○ Video conferencing tools. Video conferencing tools are essential for when you need to have a meeting but aren’t in the office. Everyone can come together in a “room” and hash things out. ○ Collaboration tools. The best collaboration tools allow you and your coworkers to easily work on projects together. Changes can be easily made and tracked, and notes can be attached to any item.

○ Project management tools. Project management tools ensure that projects keep moving and that the right people work on the right tasks at the right times. The best project management tools allow tasks to be assigned, deadlines to be set, reminders to be sent, and more.

Reduce Distractions

● When you work from home, distractions are everywhere. These distractions can make it difficult to get things done. The more you can reduce distractions, the more productive you’ll be.

● Know yourself. Most distractions arise internally, like getting bored, hungry, or tired. If you know when these kinds of distractions tend to arise, you can plan accordingly. For example, if your energy starts to flag in the afternoon, schedule a brisk walk.

● Shut things down. An abundance of incoming emails, Slack messages, and texts makes it hard to focus. Sometimes the best solution is to shut all of these things down for set periods of time. Consider only checking your communication tools at designated times during the day. ● Block distracting websites. There are a million time-wasting distractions on the internet. One of the most effective solutions is simply to block all the websites that tend to suck you in. Physically prevent yourself from wasting time.

● Work during your peak times. There are certain times of the day when you’re more energized, focused, and productive. As much as possible, use your peak periods for your most important work. Avoid wasting these times on things like email, which you can do even when your brain is tired.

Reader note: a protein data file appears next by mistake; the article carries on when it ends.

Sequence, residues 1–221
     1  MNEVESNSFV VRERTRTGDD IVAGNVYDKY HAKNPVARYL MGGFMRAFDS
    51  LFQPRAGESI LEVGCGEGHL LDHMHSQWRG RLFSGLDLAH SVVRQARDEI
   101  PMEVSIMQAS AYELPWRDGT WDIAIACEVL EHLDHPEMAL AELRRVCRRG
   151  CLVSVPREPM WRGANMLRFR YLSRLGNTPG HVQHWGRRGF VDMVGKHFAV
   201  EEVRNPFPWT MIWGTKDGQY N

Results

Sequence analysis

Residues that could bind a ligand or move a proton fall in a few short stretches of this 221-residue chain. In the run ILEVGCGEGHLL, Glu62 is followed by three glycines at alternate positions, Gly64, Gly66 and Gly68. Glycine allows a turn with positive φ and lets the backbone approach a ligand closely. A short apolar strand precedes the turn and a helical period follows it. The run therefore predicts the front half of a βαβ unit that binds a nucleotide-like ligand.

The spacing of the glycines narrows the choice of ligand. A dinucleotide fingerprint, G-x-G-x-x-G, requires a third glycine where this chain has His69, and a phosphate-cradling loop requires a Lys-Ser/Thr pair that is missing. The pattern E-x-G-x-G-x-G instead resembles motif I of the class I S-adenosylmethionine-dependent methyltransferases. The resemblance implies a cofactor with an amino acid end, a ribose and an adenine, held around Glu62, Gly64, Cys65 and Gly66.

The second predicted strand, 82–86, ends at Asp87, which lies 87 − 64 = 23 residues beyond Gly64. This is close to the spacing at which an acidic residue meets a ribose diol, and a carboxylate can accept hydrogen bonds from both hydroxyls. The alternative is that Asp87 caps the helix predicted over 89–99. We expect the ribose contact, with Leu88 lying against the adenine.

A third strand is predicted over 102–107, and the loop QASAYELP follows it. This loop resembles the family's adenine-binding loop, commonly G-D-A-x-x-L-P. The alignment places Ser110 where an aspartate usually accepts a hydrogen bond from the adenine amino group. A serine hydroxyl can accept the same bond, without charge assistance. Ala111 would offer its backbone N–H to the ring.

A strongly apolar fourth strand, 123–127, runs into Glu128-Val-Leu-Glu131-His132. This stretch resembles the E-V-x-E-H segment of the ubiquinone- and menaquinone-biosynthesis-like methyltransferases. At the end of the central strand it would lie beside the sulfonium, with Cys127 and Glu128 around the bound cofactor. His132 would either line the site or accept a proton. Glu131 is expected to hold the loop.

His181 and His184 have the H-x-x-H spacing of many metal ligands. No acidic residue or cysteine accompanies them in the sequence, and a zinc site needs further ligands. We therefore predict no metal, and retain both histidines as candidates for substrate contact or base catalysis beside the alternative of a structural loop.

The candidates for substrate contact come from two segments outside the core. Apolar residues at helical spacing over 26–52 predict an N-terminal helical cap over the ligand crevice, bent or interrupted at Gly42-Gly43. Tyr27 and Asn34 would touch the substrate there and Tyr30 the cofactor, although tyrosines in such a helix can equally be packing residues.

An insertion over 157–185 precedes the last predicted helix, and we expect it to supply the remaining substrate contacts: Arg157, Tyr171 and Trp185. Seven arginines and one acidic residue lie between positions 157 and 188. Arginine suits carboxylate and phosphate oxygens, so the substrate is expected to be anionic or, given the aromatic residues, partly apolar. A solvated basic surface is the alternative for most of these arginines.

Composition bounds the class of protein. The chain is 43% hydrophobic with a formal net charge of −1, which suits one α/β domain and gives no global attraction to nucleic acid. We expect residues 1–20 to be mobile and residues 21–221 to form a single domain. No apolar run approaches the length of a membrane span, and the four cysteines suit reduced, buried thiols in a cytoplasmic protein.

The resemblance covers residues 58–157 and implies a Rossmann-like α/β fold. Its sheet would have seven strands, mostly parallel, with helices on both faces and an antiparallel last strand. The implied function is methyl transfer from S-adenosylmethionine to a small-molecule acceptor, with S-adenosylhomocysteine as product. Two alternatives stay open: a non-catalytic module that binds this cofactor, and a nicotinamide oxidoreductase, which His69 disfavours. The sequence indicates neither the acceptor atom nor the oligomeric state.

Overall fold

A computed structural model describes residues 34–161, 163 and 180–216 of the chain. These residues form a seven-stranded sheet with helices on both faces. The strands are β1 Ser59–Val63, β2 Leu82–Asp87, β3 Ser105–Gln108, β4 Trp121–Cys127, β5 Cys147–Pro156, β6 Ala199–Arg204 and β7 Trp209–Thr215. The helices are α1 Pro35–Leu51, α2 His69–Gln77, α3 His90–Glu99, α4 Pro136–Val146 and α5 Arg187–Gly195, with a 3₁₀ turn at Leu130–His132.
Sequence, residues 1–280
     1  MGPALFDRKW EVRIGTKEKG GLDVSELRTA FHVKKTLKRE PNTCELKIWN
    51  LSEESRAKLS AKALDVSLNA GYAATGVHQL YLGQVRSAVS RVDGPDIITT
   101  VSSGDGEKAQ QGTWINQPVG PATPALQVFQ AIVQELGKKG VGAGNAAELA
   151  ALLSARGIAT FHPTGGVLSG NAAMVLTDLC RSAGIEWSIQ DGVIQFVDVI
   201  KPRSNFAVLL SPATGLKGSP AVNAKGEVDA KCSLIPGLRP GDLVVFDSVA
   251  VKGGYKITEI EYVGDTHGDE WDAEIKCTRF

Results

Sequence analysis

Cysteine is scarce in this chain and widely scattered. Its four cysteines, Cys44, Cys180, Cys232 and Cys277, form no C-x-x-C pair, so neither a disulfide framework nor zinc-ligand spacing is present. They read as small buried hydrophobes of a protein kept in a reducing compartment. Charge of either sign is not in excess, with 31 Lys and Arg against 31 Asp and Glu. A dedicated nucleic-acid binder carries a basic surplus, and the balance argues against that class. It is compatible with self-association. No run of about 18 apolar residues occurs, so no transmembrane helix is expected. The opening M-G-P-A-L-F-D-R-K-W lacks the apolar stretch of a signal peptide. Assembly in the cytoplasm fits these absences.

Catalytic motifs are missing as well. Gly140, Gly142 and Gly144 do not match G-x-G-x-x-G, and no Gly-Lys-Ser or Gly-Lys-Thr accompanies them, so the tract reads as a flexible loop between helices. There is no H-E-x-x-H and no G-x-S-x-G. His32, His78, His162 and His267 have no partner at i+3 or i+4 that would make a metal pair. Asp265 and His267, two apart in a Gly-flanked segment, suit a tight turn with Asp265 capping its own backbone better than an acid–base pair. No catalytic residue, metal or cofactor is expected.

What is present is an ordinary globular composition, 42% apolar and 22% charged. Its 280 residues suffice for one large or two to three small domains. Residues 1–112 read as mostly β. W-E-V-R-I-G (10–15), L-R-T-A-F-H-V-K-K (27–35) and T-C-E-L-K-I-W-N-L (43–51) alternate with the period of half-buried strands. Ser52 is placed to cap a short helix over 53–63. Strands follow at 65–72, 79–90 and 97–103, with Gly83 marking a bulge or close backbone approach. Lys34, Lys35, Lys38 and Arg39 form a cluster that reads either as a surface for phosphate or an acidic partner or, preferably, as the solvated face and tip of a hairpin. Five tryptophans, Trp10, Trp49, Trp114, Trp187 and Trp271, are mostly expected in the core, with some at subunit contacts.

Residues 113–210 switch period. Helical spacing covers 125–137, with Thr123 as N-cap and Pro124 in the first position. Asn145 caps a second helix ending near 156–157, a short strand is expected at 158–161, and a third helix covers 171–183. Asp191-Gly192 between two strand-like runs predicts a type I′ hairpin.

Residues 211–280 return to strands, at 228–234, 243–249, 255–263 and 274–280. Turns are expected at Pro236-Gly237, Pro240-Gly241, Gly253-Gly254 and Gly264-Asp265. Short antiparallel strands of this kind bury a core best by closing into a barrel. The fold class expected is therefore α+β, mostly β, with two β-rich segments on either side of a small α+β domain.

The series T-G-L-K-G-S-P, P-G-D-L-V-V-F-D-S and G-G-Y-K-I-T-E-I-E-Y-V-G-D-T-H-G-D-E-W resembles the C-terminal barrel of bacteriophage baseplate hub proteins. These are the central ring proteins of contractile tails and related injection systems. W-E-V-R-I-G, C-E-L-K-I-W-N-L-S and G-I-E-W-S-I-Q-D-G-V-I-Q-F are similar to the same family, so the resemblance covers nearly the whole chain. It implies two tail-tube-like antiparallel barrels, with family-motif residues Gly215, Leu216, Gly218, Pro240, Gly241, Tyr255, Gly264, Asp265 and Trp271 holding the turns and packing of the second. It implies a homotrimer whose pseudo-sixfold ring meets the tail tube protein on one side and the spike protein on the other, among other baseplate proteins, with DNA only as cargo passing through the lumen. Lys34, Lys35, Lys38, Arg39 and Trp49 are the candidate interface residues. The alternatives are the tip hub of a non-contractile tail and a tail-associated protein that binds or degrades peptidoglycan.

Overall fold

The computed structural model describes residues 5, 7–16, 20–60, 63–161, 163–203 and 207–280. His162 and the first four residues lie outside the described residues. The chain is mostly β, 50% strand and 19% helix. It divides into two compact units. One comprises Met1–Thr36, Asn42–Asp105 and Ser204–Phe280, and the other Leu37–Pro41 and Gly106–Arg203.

Get Moving

● When you work from home, you’re in one location much more than normal. To combat claustrophobia, try to get outside each day. Simple outdoor activities you can do include:

○ Walking

○ Biking

○ Playing a sport like basketball

○ Fishing

○ Picnic

○ Garden

● In addition to just getting outside, try to exercise several times per week. Consistent exercise helps you keep the pounds off and increases your overall sense of well-being. If you don’t have access to equipment, there are a number of apps that can provide you with guided workouts.


Connect with Others

● Isolation and loneliness can be big challenges for remote workers. After all, your office mates are a big part of your social circle. That all goes away when you work from home. It takes concerted effort to ensure that you get consistent time with others. But it can be done.

● Working at coffee shops or a coworking space can make you feel like you’re part of society, even if you’re not directly interacting with others. Taking social breaks can also be helpful. For example, you could work several hours in the morning and then grab lunch with a few friends.

● Another option is to join local organizations like the Chamber of Commerce or a softball team. You may also want to think about volunteering, which enables you to socialize with others and make a meaningful contribution to your community.

● The big takeaway is simply to find ways that you can spend time with others. Generally speaking, extended periods of isolation aren’t healthy. So, it’s important to make the effort to be around other people.